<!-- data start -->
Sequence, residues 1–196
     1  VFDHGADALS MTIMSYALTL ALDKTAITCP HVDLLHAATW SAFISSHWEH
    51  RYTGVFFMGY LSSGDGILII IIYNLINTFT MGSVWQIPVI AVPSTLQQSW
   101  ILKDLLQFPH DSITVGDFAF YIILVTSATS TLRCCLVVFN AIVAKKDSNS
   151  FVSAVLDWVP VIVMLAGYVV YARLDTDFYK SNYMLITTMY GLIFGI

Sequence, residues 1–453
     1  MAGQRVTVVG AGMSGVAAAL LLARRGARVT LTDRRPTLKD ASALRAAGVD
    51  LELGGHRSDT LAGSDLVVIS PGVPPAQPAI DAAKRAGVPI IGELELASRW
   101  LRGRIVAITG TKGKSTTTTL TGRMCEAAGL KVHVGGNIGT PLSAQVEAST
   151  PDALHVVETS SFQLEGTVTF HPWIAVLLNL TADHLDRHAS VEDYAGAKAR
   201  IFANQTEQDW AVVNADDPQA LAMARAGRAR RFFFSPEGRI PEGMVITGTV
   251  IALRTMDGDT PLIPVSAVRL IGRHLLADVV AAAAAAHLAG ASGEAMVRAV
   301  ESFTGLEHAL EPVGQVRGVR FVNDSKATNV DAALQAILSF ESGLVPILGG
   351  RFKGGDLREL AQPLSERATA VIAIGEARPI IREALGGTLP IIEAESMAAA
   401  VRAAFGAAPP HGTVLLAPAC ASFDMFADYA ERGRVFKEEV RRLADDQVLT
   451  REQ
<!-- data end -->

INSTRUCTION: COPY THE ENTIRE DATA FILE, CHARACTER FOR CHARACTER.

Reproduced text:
Sequence, residues 1–196
     1  VFDHGADALS MTIMSYALTL ALDKTAITCP HVDLLHAATW SAFISSHWEH
    51  RYTGVFFMGY LSSGDGILII IIYNLINTFT MGSVWQIPVI AVPSTLQQSW
   101  ILKDLLQFPH DSITVGDFAF YIILVTSATS TLRCCLVVFN AIVAKKDSNS
   151  FVSAVLDWVP VIVMLAGYVV YARLDTDFYK SNYMLITTMY GLIFGI

Sequence, residues 1–453
     1  MAGQRVTVVG AGMSGVAAAL LLARRGARVT LTDRRPTLKD ASALRAAGVD
    51  LELGGHRSDT LAGSDLVVIS PGVPPAQPAI DAAKRAGVPI IGELELASRW
   101  LRGRIVAITG TKGKSTTTTL TGRMCEAAGL KVHVGGNIGT PLSAQVEAST
   151  PDALHVVETS SFQLEGTVTF HPWIAVLLNL TADHLDRHAS VEDYAGAKAR
   201  IFANQTEQDW AVVNADDPQA LAMARAGRAR RFFFSPEGRI PEGMVITGTV
   251  IALRTMDGDT PLIPVSAVRL IGRHLLADVV AAAAAAHLAG ASGEAMVRAV
   301  ESFTGLEHAL EPVGQVRGVR FVNDSKATNV DAALQAILSF ESGLVPILGG
   351  RFKGGDLREL AQPLSERATA VIAIGEARPI IREALGGTLP IIEAESMAAA
   401  VRAAFGAAPP HGTVLLAPAC ASFDMFADYA ERGRVFKEEV RRLADDQVLT
   451  REQ